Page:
Courses Taught

Spring 2014

Quinnipiac University, English Department, Hamden, CT *EN 102 – Elements of Composition II: Critical Explorations of Barbie and other Retellings of Femininity This course is a continuation of EN 101 that emphasizes argument, persuasion and research writing. Students compose longer and more complex essays than in EN 101, and some attention is paid to writing across the curriculum. The course reading, research, and writing in this course focuses on the various representations and retellings of femininity mean, not only for girls and women, but to society at large. The readings, which include expository essays and digital texts and images, plus several longer works of literature serve to unify the course content.

Fall 2013

Quinnipiac University, English Department, Hamden, CT EN 101 – Elements of Composition I: Autobiographical Explorations An introduction to academic writing focusing on techniques for effective writing by studying the writing process and the skills necessary for producing purposeful, unified and coherent short essays: rhetoric, effective diction, revising techniques, critical reading, critical thinking, awareness of audience, and introduction to research and documentation. EN 101I – Elements of Composition I (Intensive): Autobiographical Explorations

Summer 2013

Wuhan University, Wuhan China Music in the U.S., Wuhan University Summer Intensive English Program

Spring 2013

Quinnipiac University, English Department, Hamden, CT

*EN 102 – Elements of Composition II: Critical Explorations of Barbie and other Retellings of Femininity This course is a continuation of EN 101 that emphasizes argument, persuasion and research writing. Students compose longer and more complex essays than in EN 101, and some attention is paid to writing across the curriculum. The course reading, research, and writing in this course focuses on the various representations and retellings of femininity mean, not only for girls and women, but to society at large. The readings, which include expository essays and digital texts and images, plus several longer works of literature serve to unify the course content.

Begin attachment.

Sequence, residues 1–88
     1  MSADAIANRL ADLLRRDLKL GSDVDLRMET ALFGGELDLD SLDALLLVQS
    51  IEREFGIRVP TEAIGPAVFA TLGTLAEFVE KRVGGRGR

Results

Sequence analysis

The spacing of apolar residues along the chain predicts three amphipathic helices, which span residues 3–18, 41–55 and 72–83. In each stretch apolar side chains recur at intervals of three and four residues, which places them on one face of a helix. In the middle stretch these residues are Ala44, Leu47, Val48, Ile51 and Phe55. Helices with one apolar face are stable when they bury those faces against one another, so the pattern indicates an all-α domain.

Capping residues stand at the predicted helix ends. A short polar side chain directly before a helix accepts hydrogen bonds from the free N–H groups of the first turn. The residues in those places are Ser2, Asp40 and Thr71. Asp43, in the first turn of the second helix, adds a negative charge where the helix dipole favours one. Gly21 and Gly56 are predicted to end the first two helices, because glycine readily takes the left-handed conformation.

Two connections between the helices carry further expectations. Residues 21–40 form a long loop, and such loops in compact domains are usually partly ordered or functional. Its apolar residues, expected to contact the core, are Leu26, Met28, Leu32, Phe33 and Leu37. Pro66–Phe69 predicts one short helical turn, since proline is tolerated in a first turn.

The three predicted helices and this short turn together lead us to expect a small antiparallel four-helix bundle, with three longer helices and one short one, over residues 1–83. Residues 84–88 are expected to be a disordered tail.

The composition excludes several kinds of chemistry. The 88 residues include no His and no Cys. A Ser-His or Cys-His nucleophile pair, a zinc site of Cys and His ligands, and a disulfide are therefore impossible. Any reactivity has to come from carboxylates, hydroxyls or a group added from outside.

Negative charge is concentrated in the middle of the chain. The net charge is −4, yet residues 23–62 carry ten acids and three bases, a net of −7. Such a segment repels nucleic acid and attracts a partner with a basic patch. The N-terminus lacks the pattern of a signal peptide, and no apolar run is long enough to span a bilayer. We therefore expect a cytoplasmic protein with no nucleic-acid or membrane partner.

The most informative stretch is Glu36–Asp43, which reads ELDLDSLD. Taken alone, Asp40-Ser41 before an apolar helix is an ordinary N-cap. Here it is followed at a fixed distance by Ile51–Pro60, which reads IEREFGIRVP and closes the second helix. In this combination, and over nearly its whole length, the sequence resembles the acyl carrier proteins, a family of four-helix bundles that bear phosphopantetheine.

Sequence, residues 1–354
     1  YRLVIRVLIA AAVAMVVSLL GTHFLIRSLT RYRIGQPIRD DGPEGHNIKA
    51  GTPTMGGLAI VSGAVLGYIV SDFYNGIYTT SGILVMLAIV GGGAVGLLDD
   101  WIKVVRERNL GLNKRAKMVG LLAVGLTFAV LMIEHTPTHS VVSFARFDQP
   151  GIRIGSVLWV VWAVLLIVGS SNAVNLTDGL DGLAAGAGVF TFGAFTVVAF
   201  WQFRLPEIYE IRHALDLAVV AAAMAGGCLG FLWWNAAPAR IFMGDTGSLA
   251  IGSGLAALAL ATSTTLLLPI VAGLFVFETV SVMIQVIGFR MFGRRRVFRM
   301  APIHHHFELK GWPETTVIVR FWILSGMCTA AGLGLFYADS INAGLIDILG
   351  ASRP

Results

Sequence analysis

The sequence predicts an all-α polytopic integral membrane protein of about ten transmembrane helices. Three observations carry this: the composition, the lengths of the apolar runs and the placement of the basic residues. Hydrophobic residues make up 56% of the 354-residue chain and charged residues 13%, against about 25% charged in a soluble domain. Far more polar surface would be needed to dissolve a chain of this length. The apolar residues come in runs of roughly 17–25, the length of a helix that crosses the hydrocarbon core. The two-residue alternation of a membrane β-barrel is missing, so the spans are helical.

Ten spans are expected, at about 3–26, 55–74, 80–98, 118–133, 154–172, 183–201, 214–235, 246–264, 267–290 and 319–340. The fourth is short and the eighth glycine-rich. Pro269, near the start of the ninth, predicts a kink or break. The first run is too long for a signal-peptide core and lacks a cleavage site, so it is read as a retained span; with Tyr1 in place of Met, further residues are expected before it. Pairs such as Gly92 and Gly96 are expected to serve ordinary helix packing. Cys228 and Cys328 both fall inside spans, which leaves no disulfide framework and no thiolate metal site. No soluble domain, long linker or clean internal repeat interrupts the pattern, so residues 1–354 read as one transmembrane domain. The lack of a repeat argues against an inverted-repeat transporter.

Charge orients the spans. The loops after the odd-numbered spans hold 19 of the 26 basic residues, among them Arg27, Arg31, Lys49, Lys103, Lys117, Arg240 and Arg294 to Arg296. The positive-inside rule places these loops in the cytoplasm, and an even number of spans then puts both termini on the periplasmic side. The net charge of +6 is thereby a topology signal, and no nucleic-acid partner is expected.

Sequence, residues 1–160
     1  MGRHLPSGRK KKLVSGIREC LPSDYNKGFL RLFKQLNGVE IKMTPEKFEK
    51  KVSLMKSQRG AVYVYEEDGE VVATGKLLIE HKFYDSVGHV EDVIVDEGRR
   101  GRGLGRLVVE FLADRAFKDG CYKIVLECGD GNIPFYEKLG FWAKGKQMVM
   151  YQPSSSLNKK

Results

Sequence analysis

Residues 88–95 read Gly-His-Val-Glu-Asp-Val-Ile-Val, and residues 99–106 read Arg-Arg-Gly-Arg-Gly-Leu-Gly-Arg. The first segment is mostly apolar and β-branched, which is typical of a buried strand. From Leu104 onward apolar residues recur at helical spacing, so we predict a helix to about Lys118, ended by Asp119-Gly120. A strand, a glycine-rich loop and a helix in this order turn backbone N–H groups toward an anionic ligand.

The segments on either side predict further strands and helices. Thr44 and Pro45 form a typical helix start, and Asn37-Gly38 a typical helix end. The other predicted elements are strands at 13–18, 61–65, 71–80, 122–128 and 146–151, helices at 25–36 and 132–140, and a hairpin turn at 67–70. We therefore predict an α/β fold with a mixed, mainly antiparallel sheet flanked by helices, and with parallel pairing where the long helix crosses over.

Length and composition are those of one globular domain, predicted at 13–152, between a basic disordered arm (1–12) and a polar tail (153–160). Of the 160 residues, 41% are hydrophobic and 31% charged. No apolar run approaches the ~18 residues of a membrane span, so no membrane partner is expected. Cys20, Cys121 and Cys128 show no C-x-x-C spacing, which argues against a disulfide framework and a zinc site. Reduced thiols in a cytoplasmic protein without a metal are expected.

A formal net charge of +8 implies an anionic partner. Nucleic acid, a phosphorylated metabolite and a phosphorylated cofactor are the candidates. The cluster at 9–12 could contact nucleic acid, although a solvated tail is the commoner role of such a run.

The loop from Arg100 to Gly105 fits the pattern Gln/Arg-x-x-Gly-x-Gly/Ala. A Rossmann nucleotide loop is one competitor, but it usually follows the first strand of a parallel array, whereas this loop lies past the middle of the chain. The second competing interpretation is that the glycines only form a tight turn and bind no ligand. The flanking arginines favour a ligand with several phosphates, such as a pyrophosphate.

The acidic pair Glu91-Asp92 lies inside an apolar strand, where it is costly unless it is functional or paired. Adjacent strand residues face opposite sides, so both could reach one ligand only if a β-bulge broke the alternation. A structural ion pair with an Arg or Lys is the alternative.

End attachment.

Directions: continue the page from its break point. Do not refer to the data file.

*EN 220 – The Short Story as Genre: Women of the African Diaspora This course covers the development of the use of short story by women of the        African Diaspora (African-American, Caribbean, and Puerto Rican, in particular) from the 20th century to the present with intensive study of authors: Toni Morrison, Zora Neale Hurston, Alice Walker, Olive Senior, Jamaica Kincaid, Rosario Ferré and others. Students explore the ways Black women have contributed languages and forms to the literary tradition. Emphasis is placed on close reading of selected texts and exploration of the intersections of race, gender, and class that are represented in the literary works.

Storify of EN 220 Skype with Author Sofia Quintero

Fall 2012

Quinnipiac University, English Department, Hamden, CT EN 101 – Elements of Composition I: Autobiographical Explorations An introduction to academic writing focusing on techniques for effective writing by studying the writing process and the skills necessary for producing purposeful, unified and coherent short essays: rhetoric, effective diction, revising techniques, critical reading, critical thinking, awareness of audience, and introduction to research and documentation.

Spring 2012

Syracuse University, Writing Program, Syracuse, NY *WRT 205 – Critical Research and Writing: This course focuses on the study and practice of critical, research-based writing, including research methods, presentation genres, source evaluation, audience analysis, and library/online research. Students complete at least one sustained research project.

Fall 2011

Syracuse University, Writing Program, Syracuse, NY WRT 105 – Practices of Academic Writing: This course is an introduction to academic writing that focuses on the practices of analysis and argument, practices that carry across disciplinary lines and into professional and civic writing.

*Courses include(d) the use of online blogs, Facebook microblogs, and/or digital media compositions.

WUSIEP students viewing Public Enemy's 1989 video for Fight the Power.

WUSIEP students viewing Public Enemy’s 1989 video for Fight the Power.

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